Is my vehicle a car or van?

Some cars look like vans and some vans resemble cars - but you’ll need to know which you’ve got to take out the right type of insurance.

Amanda Bathory-Griffiths
Amanda Bathory-Griffiths
Updated 29 September 2021  | 2 min read

What influences the cost of van insurance?

You need to know whether you have a van or a car when you take out insurance because van insurance and car insurance are two different types of insurance policy.

A van can’t be covered with car insurance, and vice versa.

Key points

  • The difference between cars, vans and motorhomes isn’t always clear - some family cars are classified as light commercial vehicles
  • You must get the right type of insurance for your vehicle, whether it’s car insurance, van insurance or motorhome insurance
  • Official information is found in your V5 logbook (look for line J, ‘vehicle category’), but we can help you identify if your vehicle is a car or a van when you get a quote from us

Levels and categories of cover

There are three levels three levels of cover for cars and vans - fully comprehensive, third party, fire and theft, and third party only cover.

But vans also need an additional category of cover which tells the insurer whether the van is privately used, commercially used, or both.

You’ll be asked if your drive your van for social use only, for carriage of own goods, for hire and reward, or for haulage.

The average cost of fully comprehensive car insurance is £338, versus £367 for comprehensive van insurance.[1]

How to find out if you have a van or a car

You can use your vehicle registration number to find out if you have a van or a car.

When you get insurance quotes, the reg tells the insurer whether you’re driving a van or a car, and it’ll calculate your cover accordingly.

If you’re still not sure if it’s a car or a van, you can:

  • Check your V5C log book
  • Look at the design of the vehicle

Information in your log book

The vehicle category can be found on line J of your V5C log book - the document that registers you as the keeper and owner of the car with DVLA.

It tells you all the essential information about the vehicle, including whether it’s a car or a van.

  • M1: It’s a car and you need car insurance
  • M2: It’s a minibus and you need minibus insurance, not van insurance
  • N1 or N2: It’s a van and you need van insurance

The vehicle specifications

If you don’t have the V5C log book to look at, you can sometimes tell whether you’re driving a van or car based on the design and specifications of the vehicle.


If your family vehicle is a regular saloon, estate or hatchback then it’s an M1 passenger-carrying car.

Cars have fixed or collapsible sprung seats, windows and carpets.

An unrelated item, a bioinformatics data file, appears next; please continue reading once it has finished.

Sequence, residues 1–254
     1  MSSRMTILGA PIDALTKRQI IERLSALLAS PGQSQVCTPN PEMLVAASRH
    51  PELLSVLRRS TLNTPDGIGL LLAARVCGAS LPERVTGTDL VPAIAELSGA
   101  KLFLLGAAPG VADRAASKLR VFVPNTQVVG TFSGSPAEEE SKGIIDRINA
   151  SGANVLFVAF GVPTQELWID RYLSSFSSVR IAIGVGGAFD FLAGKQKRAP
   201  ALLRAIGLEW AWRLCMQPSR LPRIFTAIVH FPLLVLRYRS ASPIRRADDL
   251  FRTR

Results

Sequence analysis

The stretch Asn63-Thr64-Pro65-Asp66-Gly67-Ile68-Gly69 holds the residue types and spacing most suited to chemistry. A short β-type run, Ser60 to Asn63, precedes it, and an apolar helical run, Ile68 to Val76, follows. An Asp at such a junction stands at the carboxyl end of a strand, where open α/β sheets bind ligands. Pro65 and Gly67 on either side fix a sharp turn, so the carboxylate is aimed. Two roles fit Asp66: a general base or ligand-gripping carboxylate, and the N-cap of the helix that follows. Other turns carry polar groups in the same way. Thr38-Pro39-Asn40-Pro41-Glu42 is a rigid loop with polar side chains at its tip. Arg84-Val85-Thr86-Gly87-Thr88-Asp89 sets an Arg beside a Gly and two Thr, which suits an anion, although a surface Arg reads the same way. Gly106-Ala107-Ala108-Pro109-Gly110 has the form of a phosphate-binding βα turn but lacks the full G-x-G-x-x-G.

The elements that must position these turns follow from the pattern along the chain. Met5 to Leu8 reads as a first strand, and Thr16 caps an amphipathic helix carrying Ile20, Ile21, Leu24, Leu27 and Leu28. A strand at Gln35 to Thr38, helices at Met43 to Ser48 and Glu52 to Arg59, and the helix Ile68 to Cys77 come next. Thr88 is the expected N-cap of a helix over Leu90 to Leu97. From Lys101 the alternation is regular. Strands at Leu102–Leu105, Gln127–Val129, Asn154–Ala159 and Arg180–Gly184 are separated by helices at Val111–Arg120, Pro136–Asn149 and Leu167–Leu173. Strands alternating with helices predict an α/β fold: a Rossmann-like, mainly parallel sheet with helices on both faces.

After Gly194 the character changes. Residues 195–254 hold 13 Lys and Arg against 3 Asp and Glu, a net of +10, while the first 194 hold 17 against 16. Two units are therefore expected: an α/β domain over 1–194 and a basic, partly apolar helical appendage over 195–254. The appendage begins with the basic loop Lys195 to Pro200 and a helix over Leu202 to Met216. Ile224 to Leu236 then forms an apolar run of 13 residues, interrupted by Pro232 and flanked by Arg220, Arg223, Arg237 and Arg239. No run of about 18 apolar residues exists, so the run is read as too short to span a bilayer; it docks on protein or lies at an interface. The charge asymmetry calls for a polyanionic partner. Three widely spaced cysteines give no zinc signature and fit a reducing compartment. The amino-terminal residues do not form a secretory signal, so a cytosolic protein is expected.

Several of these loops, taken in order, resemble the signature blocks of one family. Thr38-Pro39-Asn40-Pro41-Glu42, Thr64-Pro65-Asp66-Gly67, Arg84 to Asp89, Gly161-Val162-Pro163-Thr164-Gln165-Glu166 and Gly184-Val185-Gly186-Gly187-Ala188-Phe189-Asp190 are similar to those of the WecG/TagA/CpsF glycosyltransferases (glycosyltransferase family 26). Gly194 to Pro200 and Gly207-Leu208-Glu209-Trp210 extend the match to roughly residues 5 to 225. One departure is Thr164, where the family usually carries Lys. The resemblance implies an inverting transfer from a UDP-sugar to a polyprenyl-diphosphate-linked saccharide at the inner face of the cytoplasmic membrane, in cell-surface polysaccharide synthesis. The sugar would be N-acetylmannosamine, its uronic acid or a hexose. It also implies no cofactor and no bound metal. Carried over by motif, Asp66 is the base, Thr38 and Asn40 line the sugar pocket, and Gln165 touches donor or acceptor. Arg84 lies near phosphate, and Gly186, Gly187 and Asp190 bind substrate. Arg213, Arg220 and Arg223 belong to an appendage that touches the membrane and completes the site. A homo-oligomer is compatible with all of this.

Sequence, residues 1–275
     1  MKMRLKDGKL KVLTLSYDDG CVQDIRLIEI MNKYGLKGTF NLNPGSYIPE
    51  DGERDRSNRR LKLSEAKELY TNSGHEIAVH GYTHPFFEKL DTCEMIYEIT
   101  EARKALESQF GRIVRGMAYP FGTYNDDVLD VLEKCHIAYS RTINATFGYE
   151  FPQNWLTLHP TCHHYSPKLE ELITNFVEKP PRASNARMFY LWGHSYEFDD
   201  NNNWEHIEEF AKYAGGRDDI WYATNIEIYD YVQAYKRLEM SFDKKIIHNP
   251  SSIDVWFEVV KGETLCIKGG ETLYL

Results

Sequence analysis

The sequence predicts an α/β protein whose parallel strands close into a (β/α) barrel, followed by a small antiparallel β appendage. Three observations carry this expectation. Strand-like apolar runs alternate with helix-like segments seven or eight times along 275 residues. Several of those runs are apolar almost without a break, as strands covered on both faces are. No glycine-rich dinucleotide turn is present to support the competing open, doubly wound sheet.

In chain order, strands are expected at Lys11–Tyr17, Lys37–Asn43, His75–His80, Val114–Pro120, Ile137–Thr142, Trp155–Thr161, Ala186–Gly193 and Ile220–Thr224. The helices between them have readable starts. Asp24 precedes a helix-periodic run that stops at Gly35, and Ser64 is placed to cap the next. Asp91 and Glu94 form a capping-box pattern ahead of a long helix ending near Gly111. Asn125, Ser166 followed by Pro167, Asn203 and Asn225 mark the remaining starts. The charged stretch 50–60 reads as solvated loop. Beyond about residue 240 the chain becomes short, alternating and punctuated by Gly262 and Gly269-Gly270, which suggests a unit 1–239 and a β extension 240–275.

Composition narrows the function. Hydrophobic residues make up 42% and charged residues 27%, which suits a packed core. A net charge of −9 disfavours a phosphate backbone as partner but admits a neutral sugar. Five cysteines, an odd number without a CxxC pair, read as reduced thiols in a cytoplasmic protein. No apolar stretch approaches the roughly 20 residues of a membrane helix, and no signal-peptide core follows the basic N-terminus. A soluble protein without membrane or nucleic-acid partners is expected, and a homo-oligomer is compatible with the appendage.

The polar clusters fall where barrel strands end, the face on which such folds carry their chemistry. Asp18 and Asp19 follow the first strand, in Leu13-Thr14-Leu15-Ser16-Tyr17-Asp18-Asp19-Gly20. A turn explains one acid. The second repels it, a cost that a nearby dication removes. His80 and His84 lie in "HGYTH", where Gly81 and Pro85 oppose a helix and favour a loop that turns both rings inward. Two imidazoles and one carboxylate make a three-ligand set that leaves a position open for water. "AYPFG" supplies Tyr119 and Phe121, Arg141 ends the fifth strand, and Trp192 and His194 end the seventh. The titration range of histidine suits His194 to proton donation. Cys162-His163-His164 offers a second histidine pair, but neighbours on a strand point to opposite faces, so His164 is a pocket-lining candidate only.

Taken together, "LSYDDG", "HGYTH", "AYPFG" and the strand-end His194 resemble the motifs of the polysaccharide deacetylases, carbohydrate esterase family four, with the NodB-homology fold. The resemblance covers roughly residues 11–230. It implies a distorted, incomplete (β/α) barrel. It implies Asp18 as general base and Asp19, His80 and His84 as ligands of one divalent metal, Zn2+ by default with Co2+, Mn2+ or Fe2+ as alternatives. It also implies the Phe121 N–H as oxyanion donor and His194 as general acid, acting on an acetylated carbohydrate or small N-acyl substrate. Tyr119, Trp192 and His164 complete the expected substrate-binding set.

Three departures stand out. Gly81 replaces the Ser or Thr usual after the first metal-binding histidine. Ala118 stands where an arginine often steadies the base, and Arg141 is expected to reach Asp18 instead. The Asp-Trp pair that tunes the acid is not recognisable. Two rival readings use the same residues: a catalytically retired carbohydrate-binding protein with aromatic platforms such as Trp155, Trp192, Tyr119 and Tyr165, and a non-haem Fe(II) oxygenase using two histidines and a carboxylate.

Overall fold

It’s a van if it has one or more of the following features:

  • More than eight seats
  • A double cab (a separate area for the drivers and passengers from the tail end of the car)
  • A pick-up bed at the back, designed specifically for cargo (with or without a roof)
  • If it has no windows on the rear side panels
  • If it's a van that's been modified
  • If it has a gross laden weight of over 1,000kg
  • If its original purpose was commercial and domestic

People carriers, minivans and multi-purpose vehicles

If the manufacturer has categorised a people carrier, minivan of MPV as a family vehicle for social, domestic, pleasure and commuting use, it can be insured as a car.

If you use it for business, you’ll need business car insurance.

Dual purpose vehicles

Dual-purpose vehicles have the comfort and luxury of a car, but they are classed as a commercial vehicle because they were originally designed to transport cargo.

If you have a larger 4x4 utility vehicles and a double-cab pick-up, it’s likely to be a dual-purpose vehicle.

4x4s and SUVs

So long as your 4x4 or SUV was created for social, domestic and pleasure use, it’s classed as a car.

If the manufacturer has classed it as a commercial vehicle, but you use it for family errands, it’s a dual-purpose vehicle and will be insured as a van.

Examples of this would be the Jeep Cherokee Pioneer and the Land Rover Discovery Commercial series.


If your vehicle seats nine-to-16 passengers, the DVLA classes it as a minibus.

You need a specialist minibus insurance policy.


If your vehicle has permanently fitted fixtures such as cupboards, a sink and a bed, then it's neither a car nor a van. It'll be classed as a motor caravan by the DVLA and will need to be insured under a specialist policy.

We can help you compare insurance for motorhomes, including campervan, compact, American RV (recreational vehicle), van conversion, low profile, coach built or over cab and micros.

Be aware that there can be confusion over van-derived MPVs, if its chassis is based on a previous van model.

Governing body guidelines

Different governing bodies have different definitions of cars and vans:

  • HMRC has different classes for tax purposes
  • Car and van manufacturers categorise the vehicle as a car or van when it’s sold
  • The Association of British Insurers produces classification guidelines in line with the Motor Insurance Repair Research Centre’s classifications

It can be a grey area. And when you insure the vehicle, each insurer will have its own set of guidelines.

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[1]Average median price paid for policies purchased through Go.Compare in January 2023.